Galaxy Science Fiction was a digest-size magazine that was published in Boston. This little gem of a publication had a significant impact on the science fiction genre during its run from 1950 to 1980. It was founded by World Editions, a French-Italian company looking to break into the American market. And boy, did they ever make an impact! They hired H. L. Gold as the editor, and he quickly made Galaxy the leading science fiction magazine of its time.
It focused on stories about social issues rather than technology. In a time when stories about rockets and robots dominated science fiction, Galaxy was groundbreaking in its approach. Gold believed that science fiction should be about more than just gadgets and gizmos; it should be a platform for exploring the human condition.
The magazine published stories that were thought-provoking, insightful, and often controversial. One of Galaxy’s most famous stories was “The Cold Equations” by Tom Godwin. This story, about a young girl who stows away on a spaceship and puts the crew in danger, sparked a massive debate about the morality of space travel and the sacrifice of the individual for the greater good.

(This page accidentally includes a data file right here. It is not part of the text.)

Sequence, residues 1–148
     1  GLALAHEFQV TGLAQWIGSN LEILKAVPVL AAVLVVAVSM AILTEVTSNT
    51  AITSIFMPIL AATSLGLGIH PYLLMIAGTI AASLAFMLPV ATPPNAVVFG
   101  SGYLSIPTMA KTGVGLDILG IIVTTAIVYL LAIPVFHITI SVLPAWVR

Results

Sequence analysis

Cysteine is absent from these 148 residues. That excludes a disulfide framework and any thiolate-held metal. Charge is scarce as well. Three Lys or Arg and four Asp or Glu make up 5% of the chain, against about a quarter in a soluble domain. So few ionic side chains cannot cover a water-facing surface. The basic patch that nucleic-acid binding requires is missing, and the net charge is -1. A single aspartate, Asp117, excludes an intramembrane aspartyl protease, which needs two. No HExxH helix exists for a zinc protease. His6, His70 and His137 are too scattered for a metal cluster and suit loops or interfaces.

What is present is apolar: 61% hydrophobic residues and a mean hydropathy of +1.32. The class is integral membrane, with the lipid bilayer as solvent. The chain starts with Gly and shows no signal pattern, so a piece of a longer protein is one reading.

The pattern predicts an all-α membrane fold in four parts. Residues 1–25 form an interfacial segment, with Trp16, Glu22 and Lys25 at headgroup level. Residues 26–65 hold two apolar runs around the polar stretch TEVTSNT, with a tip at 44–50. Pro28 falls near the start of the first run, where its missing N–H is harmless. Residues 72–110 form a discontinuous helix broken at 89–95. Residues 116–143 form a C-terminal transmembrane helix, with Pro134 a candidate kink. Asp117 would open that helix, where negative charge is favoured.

But it wasn’t just the stories that made Galaxy so special. It was the writers themselves. Some of the most talented science fiction writers of the time started in Galaxy, including Isaac Asimov, Arthur C. Clarke, and Ray Bradbury. These writers became legends in the genre, but they all got their start in the pages of Galaxy.
Sadly, Galaxy Science Fiction magazine ceased publication in 1980, but its impact on the science fiction genre can still be felt today. Here are some covers of Galaxy Science Fiction in the 1950s.